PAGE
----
A pair of human rights experts working for the United Nations said they were concerned by Russian prosecution targeting the Anti-Discrimination Center Memorial in St. Petersburg and the Public Verdict Foundation in Moscow.
The non-governmental organizations were charged in April and May respectively for violating a law that requires registration as a "foreign agent" if funding is received from abroad.
U.N. Committee Against Torture Chairman Claudio Grossman and special envoy on reprisals George Tugushi called on Russian Ambassador to the United Nations Alexei Borodavkin to clarify the verdicts.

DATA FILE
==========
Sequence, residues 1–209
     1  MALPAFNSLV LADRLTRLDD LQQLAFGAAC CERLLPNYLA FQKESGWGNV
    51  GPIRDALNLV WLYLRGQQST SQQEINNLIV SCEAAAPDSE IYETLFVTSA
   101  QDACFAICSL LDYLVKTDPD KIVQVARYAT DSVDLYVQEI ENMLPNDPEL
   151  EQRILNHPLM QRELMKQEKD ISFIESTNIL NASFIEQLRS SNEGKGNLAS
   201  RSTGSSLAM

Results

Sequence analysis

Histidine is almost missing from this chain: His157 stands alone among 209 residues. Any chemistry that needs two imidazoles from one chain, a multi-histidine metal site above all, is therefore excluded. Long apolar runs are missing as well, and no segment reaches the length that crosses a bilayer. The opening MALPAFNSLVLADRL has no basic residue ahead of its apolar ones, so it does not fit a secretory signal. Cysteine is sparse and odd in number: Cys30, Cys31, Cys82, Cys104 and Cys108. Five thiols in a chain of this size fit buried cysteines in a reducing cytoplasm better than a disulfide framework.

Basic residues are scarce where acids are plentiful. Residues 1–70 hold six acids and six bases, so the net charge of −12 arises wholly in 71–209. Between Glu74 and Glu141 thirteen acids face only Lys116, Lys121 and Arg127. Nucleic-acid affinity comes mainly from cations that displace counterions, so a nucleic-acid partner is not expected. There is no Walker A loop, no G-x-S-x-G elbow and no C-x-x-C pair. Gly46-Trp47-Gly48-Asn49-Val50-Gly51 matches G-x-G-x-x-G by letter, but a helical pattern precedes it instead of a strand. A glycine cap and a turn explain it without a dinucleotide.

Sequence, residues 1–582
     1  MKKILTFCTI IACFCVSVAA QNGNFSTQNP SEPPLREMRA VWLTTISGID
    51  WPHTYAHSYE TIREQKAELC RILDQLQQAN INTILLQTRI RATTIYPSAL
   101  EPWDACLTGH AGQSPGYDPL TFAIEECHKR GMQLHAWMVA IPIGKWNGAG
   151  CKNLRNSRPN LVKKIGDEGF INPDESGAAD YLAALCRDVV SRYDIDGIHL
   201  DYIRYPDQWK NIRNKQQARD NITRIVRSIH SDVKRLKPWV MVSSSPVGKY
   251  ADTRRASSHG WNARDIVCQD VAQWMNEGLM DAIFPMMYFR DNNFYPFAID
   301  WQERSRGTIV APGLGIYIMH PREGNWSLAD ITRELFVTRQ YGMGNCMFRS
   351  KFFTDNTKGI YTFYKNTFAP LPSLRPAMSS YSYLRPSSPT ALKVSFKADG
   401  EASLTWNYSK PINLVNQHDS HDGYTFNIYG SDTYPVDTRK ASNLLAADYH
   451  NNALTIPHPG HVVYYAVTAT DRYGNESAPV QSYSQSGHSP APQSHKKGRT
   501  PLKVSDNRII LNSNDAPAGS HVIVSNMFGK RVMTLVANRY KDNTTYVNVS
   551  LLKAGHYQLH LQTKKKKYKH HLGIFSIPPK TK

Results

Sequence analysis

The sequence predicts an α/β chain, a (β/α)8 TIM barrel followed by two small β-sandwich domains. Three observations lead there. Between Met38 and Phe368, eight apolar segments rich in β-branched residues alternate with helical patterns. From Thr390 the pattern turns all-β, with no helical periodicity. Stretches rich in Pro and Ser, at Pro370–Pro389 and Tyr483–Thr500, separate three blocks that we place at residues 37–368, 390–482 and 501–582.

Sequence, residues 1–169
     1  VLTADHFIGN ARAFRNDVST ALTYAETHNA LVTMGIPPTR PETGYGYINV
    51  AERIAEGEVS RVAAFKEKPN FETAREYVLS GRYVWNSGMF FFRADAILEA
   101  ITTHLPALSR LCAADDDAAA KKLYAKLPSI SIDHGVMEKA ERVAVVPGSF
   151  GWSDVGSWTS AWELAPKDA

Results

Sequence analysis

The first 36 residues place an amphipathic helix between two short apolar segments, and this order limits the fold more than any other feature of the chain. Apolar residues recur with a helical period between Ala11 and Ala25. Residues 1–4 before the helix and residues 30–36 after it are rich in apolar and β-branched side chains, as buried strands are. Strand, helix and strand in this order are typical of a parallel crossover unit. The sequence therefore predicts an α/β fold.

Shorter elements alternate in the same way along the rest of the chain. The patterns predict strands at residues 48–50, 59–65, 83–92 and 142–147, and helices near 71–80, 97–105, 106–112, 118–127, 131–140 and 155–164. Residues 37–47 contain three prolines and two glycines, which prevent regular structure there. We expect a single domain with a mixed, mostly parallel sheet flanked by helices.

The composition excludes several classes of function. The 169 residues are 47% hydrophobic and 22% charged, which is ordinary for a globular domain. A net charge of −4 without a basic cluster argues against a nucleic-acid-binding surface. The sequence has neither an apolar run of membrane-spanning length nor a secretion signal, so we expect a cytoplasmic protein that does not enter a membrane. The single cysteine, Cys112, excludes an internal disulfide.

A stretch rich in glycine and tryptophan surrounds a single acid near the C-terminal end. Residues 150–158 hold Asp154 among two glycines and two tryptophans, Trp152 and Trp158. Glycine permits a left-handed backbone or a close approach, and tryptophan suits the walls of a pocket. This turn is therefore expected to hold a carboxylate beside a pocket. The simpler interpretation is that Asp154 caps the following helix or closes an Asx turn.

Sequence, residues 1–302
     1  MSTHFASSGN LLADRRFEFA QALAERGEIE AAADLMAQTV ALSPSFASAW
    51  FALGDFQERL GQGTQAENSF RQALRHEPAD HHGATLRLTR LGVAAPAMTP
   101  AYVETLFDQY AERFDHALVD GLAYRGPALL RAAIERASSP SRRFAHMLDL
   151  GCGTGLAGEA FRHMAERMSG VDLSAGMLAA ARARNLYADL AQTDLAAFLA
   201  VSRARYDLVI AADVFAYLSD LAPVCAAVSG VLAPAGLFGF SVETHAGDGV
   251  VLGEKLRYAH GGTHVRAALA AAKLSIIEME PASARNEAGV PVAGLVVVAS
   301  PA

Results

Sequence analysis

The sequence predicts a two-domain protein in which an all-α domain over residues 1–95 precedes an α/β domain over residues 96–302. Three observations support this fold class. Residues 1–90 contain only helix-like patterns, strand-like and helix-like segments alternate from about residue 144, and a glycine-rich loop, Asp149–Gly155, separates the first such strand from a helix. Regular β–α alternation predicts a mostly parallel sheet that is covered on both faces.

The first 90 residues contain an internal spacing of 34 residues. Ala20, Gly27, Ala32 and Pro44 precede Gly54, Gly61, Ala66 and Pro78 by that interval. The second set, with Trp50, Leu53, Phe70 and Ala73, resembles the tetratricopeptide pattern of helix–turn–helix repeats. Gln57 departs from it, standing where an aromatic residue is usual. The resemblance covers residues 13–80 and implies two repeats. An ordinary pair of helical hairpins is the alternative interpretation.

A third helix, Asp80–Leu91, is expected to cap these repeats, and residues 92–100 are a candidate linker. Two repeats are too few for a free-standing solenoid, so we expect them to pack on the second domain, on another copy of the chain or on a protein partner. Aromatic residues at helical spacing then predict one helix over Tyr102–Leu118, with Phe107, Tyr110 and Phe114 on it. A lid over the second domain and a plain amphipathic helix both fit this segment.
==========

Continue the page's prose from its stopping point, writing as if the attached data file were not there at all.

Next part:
The envoys said they were seeking assurances the NGOs would not face repercussions "as a result of their legitimate activities, including providing information to the Committee Against Torture."
They said action taken against the two NGOs is "part of a worrying shift" in developments in Russia.
Russian President Vladimir Putin was criticized for backing the NGO legislation last year. He defended the measure as part of a comprehensive transparency initiative.
Putin's critics accuse him of working to silence his opponents. His election to a third non-consecutive term last year was met with widespread protests across Russia.
Theater accidentally screens 'Nymphomaniac' trailer instead of Disney's 'Frozen'
Caroline Berg Eriksen: Soccer player's wife triggers debate with post-birth selfie